More than 2 million people across the UK will be cut off from their gas and electricity this winter because they cannot afford to top up their prepayment meters, according to Citizens Advice.
The charity said it had made the estimate for what is expected to be its busiest winter ever for helping people who cannot afford to top up, after last year 1.7 million people were disconnected at least once a month. About 800,000 people went more than 24 hours without gas and electricity, unable to make a hot meal or take a warm shower, because they could not afford to top up.
In addition, more than 5 million people who are billed by their supplier are in debt, putting them at risk of debt collection or being forced to fit a prepay meter.
Dame Clare Moriarty, the chief executive of Citizens Advice, said: “Our frontline advisers are helping more people than ever who can’t pay their energy bill. Record numbers are in debt to their supplier and millions with a prepayment meter are too often going without heating and hot meals because they can’t afford to top up.”
Citizens Advice has predicted that the crisis will worsen in the coldest months of this year, just as some suppliers have been allowed to restart forcible installations of prepayment meters.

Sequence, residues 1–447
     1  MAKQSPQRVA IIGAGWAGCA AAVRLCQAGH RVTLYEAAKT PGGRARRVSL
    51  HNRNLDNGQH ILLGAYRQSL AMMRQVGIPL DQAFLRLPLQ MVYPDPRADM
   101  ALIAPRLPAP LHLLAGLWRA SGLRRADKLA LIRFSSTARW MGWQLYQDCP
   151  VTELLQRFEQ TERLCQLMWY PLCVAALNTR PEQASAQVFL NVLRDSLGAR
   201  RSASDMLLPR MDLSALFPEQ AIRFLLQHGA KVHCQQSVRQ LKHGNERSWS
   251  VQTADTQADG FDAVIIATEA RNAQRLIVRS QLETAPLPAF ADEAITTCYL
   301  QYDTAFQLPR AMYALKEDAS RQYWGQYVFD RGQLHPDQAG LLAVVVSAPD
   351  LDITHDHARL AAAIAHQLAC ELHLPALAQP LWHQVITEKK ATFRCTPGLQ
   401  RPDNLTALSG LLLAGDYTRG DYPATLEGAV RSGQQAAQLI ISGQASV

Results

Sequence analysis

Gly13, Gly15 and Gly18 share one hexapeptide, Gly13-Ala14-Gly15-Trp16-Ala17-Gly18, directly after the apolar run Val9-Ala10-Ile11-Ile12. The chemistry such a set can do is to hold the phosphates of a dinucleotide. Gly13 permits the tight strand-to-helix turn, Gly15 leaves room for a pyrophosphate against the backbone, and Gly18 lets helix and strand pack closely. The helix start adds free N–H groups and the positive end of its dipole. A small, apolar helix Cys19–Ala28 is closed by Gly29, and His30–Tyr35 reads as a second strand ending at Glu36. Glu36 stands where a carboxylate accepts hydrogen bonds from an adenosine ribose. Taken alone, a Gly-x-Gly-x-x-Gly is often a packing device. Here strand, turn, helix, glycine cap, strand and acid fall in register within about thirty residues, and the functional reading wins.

Energy suppliers were banned last year from force-fitting prepayment meters for elderly people and those with infant children after it was revealed that British Gas had been breaking into people’s homes to fit them at the height of the energy crisis.
“The government has not provided new energy bill support for those in need and has run out of time to develop the long-term approach it promised by April 2024. Without immediate action, we risk re-running this same crisis every winter,” Moriarty said.
Citizens Advice is particularly worried about households with children under four, who are twice as likely to be in debt and be unable to top up their prepay meter than those without children.
About half of prepay users with children under four had disconnected in the past year because they could not afford to top up, compared with almost a quarter of people with no children, the charity said.